There’s no easy solution and hindsight is great, but Kansas University officials need to give more attention to the timing and sequence of announcements of major hires at the University.
The recent announcement of the hiring of two new deans – Michelle Mohr Carney, School of Social Welfare, and L. Paige Fields, School of Business – only a short time before naming Dr. Doug Girod as the new chancellor seems to be a case of getting the cart before the horse.
The search and selection of a new chancellor was due to be announced sometime in late May or the first part of June as current chancellor Grey-Little would step down from her office the last day of May. The search and selection efforts for the three positions were moving along similar time tracks. As it turned out, the two new deans were named only a short time before news of the new chancellor was made public. Consequently, the chancellor will be moving into his office inheriting two new deans whom he had never met nor knew of their academic skills and philosophy. If possible, shouldn’t a chancellor be given the privilege or courtesy of knowing quite a bit about individuals being considered for deanship positions?
Likewise, doesn’t it make sense someone considering a move to Lawrence for a KU deanship would like to know about the leader of the school and what he or she stands for relative to the expectations of a dean before they commit to a new job?
In the current situation it becomes even cloudier as it was known KU’s provost would be a candidate for the chancellor’s job, probably one of the finalists. This being the case and if she was selected, there would be a vacancy in the provost’s office. The provost oversees the academic operation of the university and prospective deans certainly should be interested in knowing what the KU provost expects of deans.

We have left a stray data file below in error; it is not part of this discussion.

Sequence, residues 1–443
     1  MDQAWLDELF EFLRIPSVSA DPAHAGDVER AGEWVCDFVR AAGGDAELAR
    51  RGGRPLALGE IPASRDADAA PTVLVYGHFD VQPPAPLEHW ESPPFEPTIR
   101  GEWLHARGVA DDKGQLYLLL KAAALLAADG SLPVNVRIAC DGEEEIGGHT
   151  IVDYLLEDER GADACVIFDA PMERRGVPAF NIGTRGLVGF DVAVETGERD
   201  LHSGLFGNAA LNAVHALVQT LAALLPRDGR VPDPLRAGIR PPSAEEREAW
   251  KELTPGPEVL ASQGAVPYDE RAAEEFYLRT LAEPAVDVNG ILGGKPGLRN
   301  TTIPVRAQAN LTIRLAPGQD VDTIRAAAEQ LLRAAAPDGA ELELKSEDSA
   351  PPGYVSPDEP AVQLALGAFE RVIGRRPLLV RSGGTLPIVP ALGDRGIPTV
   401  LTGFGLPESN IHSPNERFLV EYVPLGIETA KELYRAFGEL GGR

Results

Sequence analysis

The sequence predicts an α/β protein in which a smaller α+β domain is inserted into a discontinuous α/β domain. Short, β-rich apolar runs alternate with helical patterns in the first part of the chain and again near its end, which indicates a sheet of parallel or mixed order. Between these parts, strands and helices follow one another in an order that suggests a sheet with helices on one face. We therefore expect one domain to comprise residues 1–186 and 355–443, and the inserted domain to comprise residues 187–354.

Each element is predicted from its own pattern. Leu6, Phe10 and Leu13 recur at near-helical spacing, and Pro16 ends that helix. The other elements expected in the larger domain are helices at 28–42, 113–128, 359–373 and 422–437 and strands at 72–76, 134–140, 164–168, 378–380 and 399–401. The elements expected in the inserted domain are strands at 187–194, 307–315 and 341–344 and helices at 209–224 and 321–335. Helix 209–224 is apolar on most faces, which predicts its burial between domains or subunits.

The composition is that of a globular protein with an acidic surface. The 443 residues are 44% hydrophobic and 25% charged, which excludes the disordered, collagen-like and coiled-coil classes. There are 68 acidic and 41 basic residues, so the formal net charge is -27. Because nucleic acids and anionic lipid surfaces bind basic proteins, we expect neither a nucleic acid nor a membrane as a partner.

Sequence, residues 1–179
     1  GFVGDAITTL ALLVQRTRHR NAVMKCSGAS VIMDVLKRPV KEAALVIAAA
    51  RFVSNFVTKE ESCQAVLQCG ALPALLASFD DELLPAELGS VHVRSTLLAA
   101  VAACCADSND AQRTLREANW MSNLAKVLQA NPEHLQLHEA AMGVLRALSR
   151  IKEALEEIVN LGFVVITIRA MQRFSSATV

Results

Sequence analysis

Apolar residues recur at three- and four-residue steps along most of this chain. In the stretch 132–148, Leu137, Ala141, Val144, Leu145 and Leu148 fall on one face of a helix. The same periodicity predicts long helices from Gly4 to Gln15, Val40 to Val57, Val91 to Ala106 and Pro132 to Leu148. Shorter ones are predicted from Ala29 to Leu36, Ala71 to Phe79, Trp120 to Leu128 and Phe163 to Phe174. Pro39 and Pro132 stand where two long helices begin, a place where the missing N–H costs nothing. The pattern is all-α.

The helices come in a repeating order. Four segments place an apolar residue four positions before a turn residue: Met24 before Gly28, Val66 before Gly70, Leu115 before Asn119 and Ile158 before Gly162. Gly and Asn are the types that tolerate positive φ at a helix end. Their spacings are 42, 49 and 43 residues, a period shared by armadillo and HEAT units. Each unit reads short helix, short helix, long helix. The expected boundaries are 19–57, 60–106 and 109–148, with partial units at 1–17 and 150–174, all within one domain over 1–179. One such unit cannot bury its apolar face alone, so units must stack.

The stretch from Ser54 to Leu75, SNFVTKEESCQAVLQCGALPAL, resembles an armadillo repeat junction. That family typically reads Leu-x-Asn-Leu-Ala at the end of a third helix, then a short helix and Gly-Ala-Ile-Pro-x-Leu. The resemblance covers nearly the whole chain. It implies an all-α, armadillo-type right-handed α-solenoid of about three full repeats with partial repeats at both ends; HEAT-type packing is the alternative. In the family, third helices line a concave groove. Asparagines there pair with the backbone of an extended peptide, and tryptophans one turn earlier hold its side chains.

The current situation at KU may be unusual but with so many major changes in the KU academic family, wouldn’t it have been better, if possible, to hold off the selection or naming of two deans until after the chancellor had been selected?
Shouldn’t a chancellor be deeply involved in who serves as deans? Or, is he or she expected to automatically okay whomever may be presented to him as a dean?
Switching from academics to athletics – it appears KU’s new chancellor will be inheriting not only two new deans without any personal involvement but he also will be saddled with an Athletics Director who has been given an extension of his contract and a huge hike in his pay….all without any or very little consultation.
Chancellor Grey-Little extended the AD’s contract by four years and raised his salary to $700,000. There’s also a new bonus plan whereby the AD will get an extra $40,000 if the football team ends the regular season winning half of its games….at least six victories.
It may seem cynical but shouldn’t a bonus be given for achieving something more than a mediocre record? What if an AD and a coach worked out a plan to schedule three “weak sisters” for non-conference games and then only have to win three conference games to pocket the $40,000? Or, why not make the 50/50 win-loss target apply only to conference games?
It’s obvious the big dollars on the KU campus seem to flow to the athletics department rather than to the academic side of the University.
KU is a very good state-aided university. Hopefully Chancellor Girod will be able to lead it to higher academic/research levels and Athletics Director, Sheahon Zenger, will be able to help the KU football team achieve a record better than 50 wins/50 losses and reduce the embarrassing and too frequent off-field and off-court actions of players.